Cosmic Shield, the work by Justin Bean now hanging at the U.S. embassy in Cameroon.
Cosmic Shield, the work by Justin Bean now hanging at the U.S. embassy in Cameroon.

Local artist’s work chosen to hang in the U.S. embassy in Cameroon.

In an Oak Park home, there are two art studios. One belongs to Justin Bean, an abstract painter, and the other belongs to his wife, Emily Bean, a fabric sculptor. While his day job is with a nonprofit and hers is in advertising, their after-dinner activities take them into separate studios to work on current projects.

Justin Bean
“I want to make visual work that is compelling, draws people in and gets them to do their own analysis about what the work says to them.”
— Justin Bean

To his surprise, Justin recently was contacted by the Art in Embassies program, established by the U.S. Department of State in 1963. He was asked to show one of his works in the U.S. embassy in Cameroon, and it already has been placed there.

The piece, titled Cosmic Shield, has bright acrylic colors and was completed on canvas.

“The request to show this painting was really unexpected,” Justin Bean said. “I got an email very much out of the blue from a woman who works for the Arts in Embassies program. She asked if I was interested in participating and, at first, I was a little skeptical because there’s so much spam email out there.

“Then I noticed she had a government address, and I had heard about the program. I said I’d certainly be interested, so we set up a phone call and I got to speak with her.”

Apparently, the woman had been looking online to gather resources, and she came across Bean’s website and reached out.

“This is the first time my work has been exhibited by an agency such as this,” he said. “I’ve shown paintings in galleries and businesses. Other than appearing with a friend living in Toronto, it is the first time my work has been hanging out of the country.

“I like that abstract work is not telling you to feel a certain way or interpret the work in a certain way. It very much becomes about the material itself and what you’re seeing in front of you. You step back and look for things that are referenced.

“It will still draw comparisons with things you see about you in everyday life. That is part of the process, but it doesn’t mean there is something represented there. It becomes a way of getting at ideas that are abstract — the way your mind works with things like identity and topics like science, technology and culture. These are big abstract ideas but not necessarily a way to address those ideas without using an abstract visual language.”

Lifelong artist

Bean, 38, who defines abstract art as liberating, started out as a youngster with artistry that was more representational. As he gained experience through schooling and displaying, the focus moved into abstractions.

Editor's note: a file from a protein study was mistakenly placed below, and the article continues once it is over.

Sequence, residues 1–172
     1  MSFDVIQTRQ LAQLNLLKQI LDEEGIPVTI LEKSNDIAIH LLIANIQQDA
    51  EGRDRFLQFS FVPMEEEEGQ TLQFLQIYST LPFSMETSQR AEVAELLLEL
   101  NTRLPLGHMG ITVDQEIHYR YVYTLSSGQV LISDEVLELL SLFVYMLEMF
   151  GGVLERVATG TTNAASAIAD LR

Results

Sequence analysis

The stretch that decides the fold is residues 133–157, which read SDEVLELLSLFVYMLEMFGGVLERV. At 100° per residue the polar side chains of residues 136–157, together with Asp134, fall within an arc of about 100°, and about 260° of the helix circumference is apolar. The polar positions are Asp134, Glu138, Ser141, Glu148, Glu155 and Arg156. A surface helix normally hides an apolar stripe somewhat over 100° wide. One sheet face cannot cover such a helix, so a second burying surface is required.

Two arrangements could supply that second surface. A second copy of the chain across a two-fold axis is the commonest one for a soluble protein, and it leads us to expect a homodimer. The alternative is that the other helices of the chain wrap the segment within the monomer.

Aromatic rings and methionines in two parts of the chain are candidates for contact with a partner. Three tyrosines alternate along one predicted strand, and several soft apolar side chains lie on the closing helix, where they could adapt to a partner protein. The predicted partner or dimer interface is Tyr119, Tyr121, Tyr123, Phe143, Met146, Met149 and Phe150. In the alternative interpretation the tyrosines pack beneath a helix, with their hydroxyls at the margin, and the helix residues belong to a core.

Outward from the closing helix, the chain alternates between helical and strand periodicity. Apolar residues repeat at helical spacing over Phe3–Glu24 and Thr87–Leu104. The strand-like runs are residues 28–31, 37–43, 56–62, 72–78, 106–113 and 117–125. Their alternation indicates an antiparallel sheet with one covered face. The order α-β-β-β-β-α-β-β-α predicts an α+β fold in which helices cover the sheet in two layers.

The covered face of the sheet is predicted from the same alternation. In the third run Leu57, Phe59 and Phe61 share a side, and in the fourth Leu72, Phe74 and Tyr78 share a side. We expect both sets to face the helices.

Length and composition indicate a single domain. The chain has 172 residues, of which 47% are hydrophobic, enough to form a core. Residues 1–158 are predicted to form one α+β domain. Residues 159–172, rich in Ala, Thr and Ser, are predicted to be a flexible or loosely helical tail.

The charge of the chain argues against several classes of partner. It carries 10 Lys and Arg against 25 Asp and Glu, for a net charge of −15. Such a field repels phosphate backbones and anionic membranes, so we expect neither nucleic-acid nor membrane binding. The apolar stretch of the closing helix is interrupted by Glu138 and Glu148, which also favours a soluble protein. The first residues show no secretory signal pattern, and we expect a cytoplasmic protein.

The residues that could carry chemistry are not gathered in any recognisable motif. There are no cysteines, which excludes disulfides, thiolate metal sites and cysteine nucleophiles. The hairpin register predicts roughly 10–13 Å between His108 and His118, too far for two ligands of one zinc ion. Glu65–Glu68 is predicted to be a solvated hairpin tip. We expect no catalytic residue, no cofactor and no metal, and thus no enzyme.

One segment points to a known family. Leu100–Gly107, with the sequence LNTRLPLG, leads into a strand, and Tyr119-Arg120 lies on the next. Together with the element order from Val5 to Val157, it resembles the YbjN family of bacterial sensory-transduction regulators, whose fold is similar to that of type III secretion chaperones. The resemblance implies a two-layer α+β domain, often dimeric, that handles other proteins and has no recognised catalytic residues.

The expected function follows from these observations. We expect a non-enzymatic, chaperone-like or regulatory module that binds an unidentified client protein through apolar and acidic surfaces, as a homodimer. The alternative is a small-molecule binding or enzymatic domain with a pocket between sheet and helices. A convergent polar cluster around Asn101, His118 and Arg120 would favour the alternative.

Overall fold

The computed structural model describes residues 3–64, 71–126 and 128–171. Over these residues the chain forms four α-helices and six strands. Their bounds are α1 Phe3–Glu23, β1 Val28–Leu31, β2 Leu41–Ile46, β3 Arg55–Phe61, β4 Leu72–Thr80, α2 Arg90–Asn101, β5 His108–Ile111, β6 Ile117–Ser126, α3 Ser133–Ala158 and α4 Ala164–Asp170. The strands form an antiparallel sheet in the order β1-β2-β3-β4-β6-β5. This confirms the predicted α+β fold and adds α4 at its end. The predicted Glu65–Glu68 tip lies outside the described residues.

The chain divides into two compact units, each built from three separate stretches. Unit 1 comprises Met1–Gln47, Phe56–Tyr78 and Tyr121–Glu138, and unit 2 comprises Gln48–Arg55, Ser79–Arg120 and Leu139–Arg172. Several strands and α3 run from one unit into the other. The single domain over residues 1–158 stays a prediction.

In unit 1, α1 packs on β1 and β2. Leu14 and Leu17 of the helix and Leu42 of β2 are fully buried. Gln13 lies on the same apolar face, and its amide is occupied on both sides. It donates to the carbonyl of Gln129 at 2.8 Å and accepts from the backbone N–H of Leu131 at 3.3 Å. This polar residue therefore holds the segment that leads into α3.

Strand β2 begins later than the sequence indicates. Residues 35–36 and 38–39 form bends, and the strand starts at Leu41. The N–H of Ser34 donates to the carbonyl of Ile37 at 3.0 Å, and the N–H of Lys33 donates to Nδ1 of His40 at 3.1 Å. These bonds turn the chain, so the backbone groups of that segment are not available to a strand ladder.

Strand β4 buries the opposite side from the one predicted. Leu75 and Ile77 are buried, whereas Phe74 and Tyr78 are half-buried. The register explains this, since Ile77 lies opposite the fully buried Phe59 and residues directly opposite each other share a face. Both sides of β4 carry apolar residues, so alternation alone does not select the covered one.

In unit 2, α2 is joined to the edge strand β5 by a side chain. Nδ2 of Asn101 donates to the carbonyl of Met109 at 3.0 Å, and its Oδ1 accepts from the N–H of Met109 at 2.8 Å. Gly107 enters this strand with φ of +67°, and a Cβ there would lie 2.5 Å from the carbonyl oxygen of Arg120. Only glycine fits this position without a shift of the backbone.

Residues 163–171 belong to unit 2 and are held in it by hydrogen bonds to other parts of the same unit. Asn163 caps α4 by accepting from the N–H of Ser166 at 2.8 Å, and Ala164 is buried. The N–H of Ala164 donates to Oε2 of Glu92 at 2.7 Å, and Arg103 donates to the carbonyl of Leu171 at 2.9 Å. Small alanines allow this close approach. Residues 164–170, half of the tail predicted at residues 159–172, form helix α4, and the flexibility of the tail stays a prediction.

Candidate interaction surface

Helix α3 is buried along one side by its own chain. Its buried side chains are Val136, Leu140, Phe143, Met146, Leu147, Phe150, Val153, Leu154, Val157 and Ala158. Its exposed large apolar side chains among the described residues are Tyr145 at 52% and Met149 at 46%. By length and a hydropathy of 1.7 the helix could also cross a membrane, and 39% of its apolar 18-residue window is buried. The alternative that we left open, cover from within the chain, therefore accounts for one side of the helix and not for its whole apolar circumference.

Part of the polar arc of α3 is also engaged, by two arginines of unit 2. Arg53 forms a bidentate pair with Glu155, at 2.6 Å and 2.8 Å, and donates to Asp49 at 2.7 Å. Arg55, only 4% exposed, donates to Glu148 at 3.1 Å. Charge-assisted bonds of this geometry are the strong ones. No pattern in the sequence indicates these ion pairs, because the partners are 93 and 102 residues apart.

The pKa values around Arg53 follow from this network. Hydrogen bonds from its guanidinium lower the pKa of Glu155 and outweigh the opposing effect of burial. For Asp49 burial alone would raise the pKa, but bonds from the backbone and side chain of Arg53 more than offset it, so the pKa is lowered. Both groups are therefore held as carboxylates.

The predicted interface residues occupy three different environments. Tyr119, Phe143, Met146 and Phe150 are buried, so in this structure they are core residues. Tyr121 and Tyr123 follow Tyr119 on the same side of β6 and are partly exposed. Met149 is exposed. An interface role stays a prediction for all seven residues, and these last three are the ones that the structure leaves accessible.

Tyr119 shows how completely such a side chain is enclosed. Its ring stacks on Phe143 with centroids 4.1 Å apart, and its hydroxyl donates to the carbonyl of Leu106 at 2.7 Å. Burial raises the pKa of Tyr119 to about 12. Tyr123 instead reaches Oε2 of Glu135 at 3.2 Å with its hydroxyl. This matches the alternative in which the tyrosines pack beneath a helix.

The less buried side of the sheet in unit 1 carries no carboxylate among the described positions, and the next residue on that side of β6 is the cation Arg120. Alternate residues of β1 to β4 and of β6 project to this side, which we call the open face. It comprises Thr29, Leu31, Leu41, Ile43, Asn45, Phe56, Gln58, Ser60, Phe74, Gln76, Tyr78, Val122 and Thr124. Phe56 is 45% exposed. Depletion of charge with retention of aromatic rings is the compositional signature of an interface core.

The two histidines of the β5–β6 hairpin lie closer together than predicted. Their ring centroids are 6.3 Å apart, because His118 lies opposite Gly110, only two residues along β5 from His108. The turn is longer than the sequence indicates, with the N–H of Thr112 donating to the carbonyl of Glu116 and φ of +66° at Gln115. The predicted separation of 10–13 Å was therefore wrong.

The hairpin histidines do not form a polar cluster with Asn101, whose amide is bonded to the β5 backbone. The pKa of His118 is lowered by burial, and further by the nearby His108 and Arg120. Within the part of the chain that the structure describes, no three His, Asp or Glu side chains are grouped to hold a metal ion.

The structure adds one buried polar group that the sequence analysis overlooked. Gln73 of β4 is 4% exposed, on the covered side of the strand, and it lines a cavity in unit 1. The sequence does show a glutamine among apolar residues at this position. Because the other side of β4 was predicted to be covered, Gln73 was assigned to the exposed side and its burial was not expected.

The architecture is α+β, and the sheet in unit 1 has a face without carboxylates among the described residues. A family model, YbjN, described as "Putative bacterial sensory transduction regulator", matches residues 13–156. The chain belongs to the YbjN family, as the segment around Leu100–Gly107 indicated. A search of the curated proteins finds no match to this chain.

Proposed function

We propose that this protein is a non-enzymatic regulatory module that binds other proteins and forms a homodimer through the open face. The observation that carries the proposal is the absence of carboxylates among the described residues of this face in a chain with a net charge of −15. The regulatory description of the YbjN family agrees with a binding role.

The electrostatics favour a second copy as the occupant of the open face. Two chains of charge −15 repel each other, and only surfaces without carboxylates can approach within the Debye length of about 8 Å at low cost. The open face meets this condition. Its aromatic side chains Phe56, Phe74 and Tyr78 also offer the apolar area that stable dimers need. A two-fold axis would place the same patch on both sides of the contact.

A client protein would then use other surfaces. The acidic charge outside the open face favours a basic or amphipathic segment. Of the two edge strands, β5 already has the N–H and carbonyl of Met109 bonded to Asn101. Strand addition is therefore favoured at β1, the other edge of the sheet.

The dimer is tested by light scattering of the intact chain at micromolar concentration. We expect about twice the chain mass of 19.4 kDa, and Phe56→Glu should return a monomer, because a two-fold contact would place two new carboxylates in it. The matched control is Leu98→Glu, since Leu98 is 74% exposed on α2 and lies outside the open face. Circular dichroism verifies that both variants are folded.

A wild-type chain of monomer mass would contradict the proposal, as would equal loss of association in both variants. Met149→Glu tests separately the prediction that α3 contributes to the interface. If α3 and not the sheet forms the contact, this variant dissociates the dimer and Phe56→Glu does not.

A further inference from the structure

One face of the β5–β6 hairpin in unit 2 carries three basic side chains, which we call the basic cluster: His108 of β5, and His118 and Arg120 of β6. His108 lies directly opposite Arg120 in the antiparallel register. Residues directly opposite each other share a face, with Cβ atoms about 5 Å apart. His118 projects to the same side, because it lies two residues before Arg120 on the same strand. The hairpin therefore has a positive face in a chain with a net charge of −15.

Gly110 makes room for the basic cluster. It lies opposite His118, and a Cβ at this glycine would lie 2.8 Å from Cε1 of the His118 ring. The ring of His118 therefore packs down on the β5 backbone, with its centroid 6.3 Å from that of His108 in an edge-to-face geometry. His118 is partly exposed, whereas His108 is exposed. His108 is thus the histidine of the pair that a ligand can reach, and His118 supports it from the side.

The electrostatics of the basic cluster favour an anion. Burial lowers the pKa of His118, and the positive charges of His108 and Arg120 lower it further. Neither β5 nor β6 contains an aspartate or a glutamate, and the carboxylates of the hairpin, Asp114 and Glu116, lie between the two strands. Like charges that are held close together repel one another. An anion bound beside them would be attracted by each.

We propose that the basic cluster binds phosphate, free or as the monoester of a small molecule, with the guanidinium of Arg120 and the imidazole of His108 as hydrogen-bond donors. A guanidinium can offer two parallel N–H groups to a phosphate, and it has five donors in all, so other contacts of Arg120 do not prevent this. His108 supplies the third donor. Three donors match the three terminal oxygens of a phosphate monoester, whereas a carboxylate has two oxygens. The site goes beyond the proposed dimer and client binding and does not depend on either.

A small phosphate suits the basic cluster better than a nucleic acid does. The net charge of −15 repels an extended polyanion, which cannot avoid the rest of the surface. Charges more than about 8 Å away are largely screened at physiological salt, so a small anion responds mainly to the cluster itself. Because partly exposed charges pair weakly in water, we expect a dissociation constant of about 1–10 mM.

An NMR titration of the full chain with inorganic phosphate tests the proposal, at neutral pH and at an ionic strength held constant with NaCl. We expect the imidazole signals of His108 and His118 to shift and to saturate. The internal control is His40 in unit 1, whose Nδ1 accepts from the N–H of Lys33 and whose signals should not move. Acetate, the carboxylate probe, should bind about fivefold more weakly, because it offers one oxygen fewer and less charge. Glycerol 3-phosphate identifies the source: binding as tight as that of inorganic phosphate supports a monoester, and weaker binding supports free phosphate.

“My first interest is to create paintings that are interesting to look at,” he said. “A certain visual beauty is part of making any sort of visual art. I want to make visual work that is compelling, draws people in and gets them to do their own analysis about what the work says to them.”

Bean grew up in Huntington Woods with attention to Judaism expressed through experiences at Temple Emanu-El in Oak Park and Tamarack camping. He enjoyed taking a blank piece of paper and putting something on it, creating something from nothing.

Throughout his school years, Bean attended art classes. He was briefly in art school at the University of Michigan but moved into a degree in anthropology, eventually using some of the symbols in his work. Although he didn’t stop making art, he quickly realized he wanted to learn more about the world while making art on his own.

After graduating, Bean started to work on paintings more and more. With time, he decided to pursue a graduate degree in art and did that at the Pennsylvania Academy of Fine Arts, where he met his wife.

“It was a very circuitous route realizing how important making art was for me,” he explained. “But that brought me to where I am now.”

While living in Philadelphia and working in the areas of memberships and admissions in the Philadelphia Museum of Art, he showed his work in galleries and hotels. He affiliated with groups of artists that established ways for members to exhibit their projects.

More recently, his work can be seen on his website ( and has been shown at the Detroit Artists Market, Hatch Art Gallery in Hamtramck and the Ann Arbor Art Center. It is in the collections of the Philadelphia Insurance Co. and the Prince Media Co. in New York.

“When I moved back to Michigan five years ago, I saw that the Zekelman Holocaust Center was hiring and put in my application for a membership development job, which built off of what I was doing in Philadelphia,” said Bean, who has again affiliated with Temple Emanu-El. “It was lucky timing they were hiring for something I had experience in, and it all just came together.

“I think it’s great that my painting was just picked to be shown in a government building serving an admirable purpose. It’s a cross-cultural exchange.

“Even though it’s governmental, it gives government the opportunity to show something on a much deeper level.”

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